They’re our companions, devoted friends who meet us at the door, wagging tails, loyal eyes shining. Big or small, short haired or long, a dog really is man’s best friend. Sadly, some pups end up as strays or in shelters awaiting homes. This month, Newsbee pays homage to the people who help these down-and-outers, offering forlorn dogs brilliant “Second Chances.”

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“Found” by Jeff Newmann, begins on the end pages. A preview of what’s to come shown in an illustration of a despondent child gazing out a window running with rain. Her sadness is obvious as is the despair of a soggy dog on the next page, trudging through a puddle on a trash-strewn street. A rescue is about to take place.

Once the little girl has the wet dog in her arms, into her room they go where a framed photo of Prudence, the girl’s former dog, sits on her nightstand. A lost-dog poster across the room details Prudence’s fate.

The girl readies herself for bed, the golden-haired pup on the floor. Soon the “found” dog makes its way into the girl’s bed and her heart. In the days that follow, a deep affection between them blossoms, but like a frayed leash, the bond becomes tenuous when the girl takes her pup to the pet shop and sees a lost dog poster with a photo that looks like her new dog. She should do the right thing, but how can she?

Sweet, simple illustrations by Larry Day and a moral to the story make “Found” a 10-bark read.

* * * * * * * * * * * Author Lisa Papp is back with another charmer featuring Bonnie, a big, fluffy white dog, the girl who adores her and a host of other animals and kids. Readers will relish “Madeline Finn and the Shelter Dog.”

Bonnie is now the proud mother of three bouncing, energetic puppies, and Madeline is eager to pick one out to take home. But she’s stumped — which pup to choose? Madeline gets wise advice from Mrs. Dimple, “Why don’t you see if someone picks you,” she asks. So Madeline does. She thinks up a name she likes, Star, which she voices, and rumble, tumble, a ball of downy love climbs into her lap.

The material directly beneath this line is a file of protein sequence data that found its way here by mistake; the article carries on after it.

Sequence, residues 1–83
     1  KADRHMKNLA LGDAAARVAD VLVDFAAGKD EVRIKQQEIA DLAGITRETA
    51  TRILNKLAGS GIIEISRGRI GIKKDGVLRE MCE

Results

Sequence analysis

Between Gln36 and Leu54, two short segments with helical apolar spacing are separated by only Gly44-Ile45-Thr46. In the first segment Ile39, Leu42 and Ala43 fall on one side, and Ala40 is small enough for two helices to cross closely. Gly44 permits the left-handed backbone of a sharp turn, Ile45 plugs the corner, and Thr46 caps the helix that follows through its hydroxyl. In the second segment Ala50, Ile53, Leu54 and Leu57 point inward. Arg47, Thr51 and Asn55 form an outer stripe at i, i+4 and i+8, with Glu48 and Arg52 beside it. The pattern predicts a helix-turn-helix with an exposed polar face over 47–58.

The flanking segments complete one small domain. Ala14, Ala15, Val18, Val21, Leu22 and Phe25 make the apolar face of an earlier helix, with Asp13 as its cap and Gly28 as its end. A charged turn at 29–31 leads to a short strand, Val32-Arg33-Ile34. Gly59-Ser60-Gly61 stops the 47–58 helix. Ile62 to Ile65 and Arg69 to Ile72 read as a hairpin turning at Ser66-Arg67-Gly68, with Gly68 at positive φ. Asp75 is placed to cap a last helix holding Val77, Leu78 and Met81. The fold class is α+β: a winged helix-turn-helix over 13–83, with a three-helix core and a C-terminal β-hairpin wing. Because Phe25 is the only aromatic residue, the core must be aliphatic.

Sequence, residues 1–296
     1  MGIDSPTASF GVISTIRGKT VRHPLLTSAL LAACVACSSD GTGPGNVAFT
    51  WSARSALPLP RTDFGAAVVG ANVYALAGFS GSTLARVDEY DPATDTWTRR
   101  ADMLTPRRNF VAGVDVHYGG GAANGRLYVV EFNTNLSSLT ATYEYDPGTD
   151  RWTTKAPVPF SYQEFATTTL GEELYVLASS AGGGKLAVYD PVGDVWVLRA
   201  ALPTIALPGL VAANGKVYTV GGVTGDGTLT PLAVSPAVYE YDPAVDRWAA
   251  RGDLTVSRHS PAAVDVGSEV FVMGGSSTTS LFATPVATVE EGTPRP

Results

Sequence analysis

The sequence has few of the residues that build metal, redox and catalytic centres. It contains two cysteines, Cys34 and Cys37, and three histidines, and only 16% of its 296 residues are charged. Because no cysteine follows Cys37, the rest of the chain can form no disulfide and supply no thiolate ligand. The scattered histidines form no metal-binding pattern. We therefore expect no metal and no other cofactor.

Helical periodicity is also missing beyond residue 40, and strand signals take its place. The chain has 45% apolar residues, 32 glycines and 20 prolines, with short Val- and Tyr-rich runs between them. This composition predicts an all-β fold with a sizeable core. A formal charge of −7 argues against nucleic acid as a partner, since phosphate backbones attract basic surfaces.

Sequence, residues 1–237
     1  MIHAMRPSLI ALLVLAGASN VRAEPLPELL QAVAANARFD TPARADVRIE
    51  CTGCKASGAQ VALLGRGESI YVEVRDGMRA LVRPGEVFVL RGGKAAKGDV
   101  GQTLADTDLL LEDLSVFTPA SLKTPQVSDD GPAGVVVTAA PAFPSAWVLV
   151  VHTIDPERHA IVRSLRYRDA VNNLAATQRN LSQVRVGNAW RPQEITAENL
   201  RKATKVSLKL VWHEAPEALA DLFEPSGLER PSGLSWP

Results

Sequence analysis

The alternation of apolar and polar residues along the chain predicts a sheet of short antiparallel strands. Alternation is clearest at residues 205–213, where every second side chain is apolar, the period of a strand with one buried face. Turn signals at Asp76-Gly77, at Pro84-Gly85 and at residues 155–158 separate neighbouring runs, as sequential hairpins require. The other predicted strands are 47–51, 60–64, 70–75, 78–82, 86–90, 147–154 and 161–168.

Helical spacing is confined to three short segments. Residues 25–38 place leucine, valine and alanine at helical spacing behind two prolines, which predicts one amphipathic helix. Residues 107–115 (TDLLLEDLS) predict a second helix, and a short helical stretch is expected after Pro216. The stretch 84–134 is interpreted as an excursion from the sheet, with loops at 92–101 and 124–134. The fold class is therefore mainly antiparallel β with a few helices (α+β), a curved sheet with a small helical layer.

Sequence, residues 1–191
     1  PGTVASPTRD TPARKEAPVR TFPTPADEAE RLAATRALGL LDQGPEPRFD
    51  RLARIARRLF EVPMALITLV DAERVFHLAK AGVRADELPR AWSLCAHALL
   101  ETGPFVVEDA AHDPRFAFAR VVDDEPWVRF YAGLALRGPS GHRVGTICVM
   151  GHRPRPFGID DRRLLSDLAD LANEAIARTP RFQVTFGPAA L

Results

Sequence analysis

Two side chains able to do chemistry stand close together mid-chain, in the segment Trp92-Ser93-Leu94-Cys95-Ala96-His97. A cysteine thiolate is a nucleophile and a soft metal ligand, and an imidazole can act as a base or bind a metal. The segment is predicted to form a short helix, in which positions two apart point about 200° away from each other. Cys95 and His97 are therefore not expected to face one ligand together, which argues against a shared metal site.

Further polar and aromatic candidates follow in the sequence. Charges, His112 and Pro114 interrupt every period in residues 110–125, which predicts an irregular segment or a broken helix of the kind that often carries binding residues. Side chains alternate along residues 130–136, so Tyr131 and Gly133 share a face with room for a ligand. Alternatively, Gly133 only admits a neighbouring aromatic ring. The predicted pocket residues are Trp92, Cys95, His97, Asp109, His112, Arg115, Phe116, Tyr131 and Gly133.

The experience spawns a story about how Mrs. Dimple adopted Bonnie from a shelter. Curious about the goings-on in a shelter, Madeline tours a nearby facility, and is shocked to see some of the animals so sad.

She wants to do something and devises a plan to entertain them. With gorgeous pastel illustrations readers are treated to a star-studded story that drives home the role reading and love play in making dogs, and people happy.

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An animal shelter proves to be a place of peace for Fiona and Finn O’Brien, who weather an unexpected tragedy involving their father, Deelan O’Brien.

“My Father’s Words,” by Patricia MacLachlan, tells the siblings’ story, detailing how they manage to make sense of the change in their lives and adjust to not having their dad around — the maker of runny eggs, the singer of songs on the basketball court — a psychologist who spouted wisdom and urged them to “ . . . Be thoughtful. Be Smart . . . Be kind,” and modeled those mantras.

To help cope with the uncontrollable situation they find themselves in, the siblings’ friend and neighbor Luke, who’s like family, suggests it might help them to volunteer at a nearby animal shelter, where they also board dogs. Four days a week, the three do just that and before long Finn makes a connection with a dog whose owner has recently died.

The pup is depressed and won’t even acknowledge visitors but with tender care Finn works his magic and in the process gets back more than he gives, as do Fiona and Luke in this simple spare book that packs a big dose of sentiment with its admirable characters.